If you have any interest at all in Mission: Impossible — Fallout, any inkling that you may want to someday, maybe, eventually get around to seeing it, I suggest you do so in the next several weeks, while it’s still in theaters.
Preferably in IMAX, if you can manage it. It’s that kind of movie.
As usual for this franchise, Fallout has a convoluted plot that’s hardly worth the trouble it takes to explain, since it’s really just an excuse to trot around the globe indulging in extravagant set pieces.
There are scenes of Tom Cruise as Ethan Hunt running, jumping, punching, skydiving, driving a motorcycle while being chased by cars, driving a car while being chased by a motorcycle, and, in the stomach-dropping climax, steering an out-of-control helicopter over a mountain range.
Sometimes, Henry Cavill (delightful in this movie, if not so much on the press tour) is along for the ride as skeptical CIA agent Walker. Sometimes, it’s Rebecca Ferguson, returning as the mysterious Ilsa Faust. Both of them match Cruise punch-for-punch in the action arena.
All of their derring-do is choreographed, shot, and acted in a way that looks real
All of their derring-do is choreographed, shot, and acted in a way that looks real, in a way that puts most of this summer’s other action-adventure blockbusters to shame.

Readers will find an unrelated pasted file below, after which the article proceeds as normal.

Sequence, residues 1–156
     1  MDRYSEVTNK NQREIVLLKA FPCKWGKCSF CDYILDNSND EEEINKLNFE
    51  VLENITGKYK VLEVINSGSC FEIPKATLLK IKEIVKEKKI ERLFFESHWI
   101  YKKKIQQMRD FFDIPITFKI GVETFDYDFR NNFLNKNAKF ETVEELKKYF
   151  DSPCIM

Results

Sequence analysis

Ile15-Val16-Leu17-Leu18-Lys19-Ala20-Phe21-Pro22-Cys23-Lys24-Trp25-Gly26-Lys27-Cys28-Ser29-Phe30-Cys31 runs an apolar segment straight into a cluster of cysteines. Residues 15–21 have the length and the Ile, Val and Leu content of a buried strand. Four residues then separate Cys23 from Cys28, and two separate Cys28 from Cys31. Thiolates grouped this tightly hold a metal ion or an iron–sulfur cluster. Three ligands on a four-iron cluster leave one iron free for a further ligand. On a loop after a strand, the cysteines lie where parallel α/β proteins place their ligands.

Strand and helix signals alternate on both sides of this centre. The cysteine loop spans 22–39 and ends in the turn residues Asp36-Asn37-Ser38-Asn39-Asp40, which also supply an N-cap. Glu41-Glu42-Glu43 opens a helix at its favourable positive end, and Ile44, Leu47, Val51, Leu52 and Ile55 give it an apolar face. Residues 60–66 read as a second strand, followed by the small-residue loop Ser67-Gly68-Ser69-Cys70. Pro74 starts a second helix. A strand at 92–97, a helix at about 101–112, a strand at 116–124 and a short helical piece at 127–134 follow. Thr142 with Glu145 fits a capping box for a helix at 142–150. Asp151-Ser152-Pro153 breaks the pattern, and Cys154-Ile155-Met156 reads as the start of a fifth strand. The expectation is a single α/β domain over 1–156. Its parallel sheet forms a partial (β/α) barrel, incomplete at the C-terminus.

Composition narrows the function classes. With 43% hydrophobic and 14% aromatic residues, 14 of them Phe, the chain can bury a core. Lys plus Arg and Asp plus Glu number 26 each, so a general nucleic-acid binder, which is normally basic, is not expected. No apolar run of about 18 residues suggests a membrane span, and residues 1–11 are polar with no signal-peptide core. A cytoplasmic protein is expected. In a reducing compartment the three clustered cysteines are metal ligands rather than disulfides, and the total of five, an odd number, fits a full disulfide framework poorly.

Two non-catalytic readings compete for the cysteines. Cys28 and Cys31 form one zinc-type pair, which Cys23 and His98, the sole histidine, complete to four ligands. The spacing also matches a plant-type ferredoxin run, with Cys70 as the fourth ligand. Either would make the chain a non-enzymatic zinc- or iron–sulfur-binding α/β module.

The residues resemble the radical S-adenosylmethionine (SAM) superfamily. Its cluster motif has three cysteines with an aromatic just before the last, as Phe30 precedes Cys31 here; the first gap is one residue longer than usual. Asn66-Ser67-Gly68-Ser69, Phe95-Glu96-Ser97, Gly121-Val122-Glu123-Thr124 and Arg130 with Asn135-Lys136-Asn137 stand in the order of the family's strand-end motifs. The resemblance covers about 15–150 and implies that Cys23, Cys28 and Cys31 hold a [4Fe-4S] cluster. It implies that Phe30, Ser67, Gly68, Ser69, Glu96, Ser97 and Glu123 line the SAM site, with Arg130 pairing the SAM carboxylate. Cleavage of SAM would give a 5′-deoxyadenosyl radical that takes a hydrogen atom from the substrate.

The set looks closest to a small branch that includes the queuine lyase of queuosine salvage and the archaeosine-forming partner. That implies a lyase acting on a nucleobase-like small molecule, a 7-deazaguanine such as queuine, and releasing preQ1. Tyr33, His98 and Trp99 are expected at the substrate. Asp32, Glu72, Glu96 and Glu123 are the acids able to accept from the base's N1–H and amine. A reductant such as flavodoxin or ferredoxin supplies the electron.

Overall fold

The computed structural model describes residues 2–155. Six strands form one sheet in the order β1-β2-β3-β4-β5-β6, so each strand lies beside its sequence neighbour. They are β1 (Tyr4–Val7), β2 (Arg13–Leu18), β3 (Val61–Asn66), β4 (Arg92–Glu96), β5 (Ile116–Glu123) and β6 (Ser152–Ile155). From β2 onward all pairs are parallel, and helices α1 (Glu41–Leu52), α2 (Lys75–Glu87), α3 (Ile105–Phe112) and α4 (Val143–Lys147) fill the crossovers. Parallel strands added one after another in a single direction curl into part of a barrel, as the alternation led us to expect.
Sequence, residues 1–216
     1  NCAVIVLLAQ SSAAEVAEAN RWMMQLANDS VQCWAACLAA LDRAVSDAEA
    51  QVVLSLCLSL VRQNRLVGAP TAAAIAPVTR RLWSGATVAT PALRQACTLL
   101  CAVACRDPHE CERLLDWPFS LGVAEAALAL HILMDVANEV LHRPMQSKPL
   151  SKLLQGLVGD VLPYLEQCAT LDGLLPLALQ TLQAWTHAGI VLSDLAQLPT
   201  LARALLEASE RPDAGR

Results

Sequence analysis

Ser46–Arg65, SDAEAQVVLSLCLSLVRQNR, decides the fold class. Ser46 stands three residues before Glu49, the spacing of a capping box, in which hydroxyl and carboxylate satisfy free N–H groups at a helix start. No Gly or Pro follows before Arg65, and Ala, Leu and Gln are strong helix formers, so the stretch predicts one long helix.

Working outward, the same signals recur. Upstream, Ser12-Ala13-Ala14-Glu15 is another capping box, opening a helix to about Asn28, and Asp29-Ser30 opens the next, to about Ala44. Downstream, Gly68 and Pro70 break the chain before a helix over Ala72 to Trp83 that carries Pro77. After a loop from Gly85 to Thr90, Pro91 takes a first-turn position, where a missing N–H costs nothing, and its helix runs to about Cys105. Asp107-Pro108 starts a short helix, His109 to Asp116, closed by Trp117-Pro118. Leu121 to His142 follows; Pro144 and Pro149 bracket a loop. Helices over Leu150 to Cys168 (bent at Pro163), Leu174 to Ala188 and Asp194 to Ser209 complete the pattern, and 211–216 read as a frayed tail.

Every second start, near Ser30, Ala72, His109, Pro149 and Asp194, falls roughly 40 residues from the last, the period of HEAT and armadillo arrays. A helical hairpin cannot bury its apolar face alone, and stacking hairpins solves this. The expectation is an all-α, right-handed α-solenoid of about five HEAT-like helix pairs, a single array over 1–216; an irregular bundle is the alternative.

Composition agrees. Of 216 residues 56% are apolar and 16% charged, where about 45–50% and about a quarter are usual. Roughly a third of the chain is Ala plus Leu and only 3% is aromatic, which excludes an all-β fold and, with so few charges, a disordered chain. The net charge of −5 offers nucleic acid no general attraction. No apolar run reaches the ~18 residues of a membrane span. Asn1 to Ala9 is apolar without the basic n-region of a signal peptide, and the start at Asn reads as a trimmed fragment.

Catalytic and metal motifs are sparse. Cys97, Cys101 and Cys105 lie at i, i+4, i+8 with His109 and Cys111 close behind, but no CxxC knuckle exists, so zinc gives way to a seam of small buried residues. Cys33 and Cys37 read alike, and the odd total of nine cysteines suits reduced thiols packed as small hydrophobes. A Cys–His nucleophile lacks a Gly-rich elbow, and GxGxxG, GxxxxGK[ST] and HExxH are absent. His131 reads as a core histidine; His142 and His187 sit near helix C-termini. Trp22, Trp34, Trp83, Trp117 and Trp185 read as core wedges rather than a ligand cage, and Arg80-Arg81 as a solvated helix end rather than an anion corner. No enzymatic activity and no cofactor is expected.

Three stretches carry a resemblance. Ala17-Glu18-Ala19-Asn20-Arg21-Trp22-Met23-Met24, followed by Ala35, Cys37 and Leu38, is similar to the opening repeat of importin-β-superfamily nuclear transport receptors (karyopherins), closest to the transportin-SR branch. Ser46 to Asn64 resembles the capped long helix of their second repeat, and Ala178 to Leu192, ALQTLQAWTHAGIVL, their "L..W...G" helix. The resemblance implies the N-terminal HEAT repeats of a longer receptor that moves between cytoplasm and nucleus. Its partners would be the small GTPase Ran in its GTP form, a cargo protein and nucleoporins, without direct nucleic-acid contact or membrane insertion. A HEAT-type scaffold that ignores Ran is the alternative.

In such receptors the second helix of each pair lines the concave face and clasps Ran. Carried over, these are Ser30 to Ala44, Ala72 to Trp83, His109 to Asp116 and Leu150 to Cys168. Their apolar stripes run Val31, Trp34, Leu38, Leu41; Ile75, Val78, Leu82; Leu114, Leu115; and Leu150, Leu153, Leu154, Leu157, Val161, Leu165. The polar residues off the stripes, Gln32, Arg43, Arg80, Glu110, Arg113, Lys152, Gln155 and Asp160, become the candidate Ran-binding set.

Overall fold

You’re on the ground with Hunt as he zips through the streets of London, or in the air as he parachutes into Paris. It’s not technically true to say that the Mission: Impossible movies are why IMAX screens were invented, but it sometimes feels as though it could be. It’s exhilarating to be surrounded by such heart-pounding action; that feeling wouldn’t fully translate on a smaller screen.
Fallout has its more humble charms, too. Simon Pegg, Ving Rhames, and Michelle Monaghan return to give the franchise the heart and humor it needs to keep ticking. There’s something kinda sweet about Hunt’s commitment to his friends, even in the face of impending global catastrophe.
Meanwhile, the script by Christopher McQuarrie (who also directed) is just self-aware enough, having some light fun at the expense of the IMF. One character describes that bizarre organization as “a bunch of grown men in rubber masks playing trick-or-treat,” and he’s not really wrong. At another point, someone points out that Hunt gets disavowed by his government in, like, every movie. It’s nice to hear we’re not the only ones who’ve noticed.
The fuel that keeps this entire motor running, though, remains Cruise’s magnetism, and his apparent commitment to punishing his body for our amusement.
We know Tom Cruise made it out of the shoot alive, because he’s currently grinning and handshaking his way through the press tour. And yes, even an actor as committed to performing his own daredevil stunts as Cruise is has a little bit of green-screen VFX magic helping him out.
Still, as I watched Cruise sweat and pant and grimace like he was on the verge of death, I caught myself mouthing the words “How is Tom Cruise still alive?“
Honestly, I’m not going to question it. I’m just glad he’s decided to spend whatever time he has left on this planet doing this for us.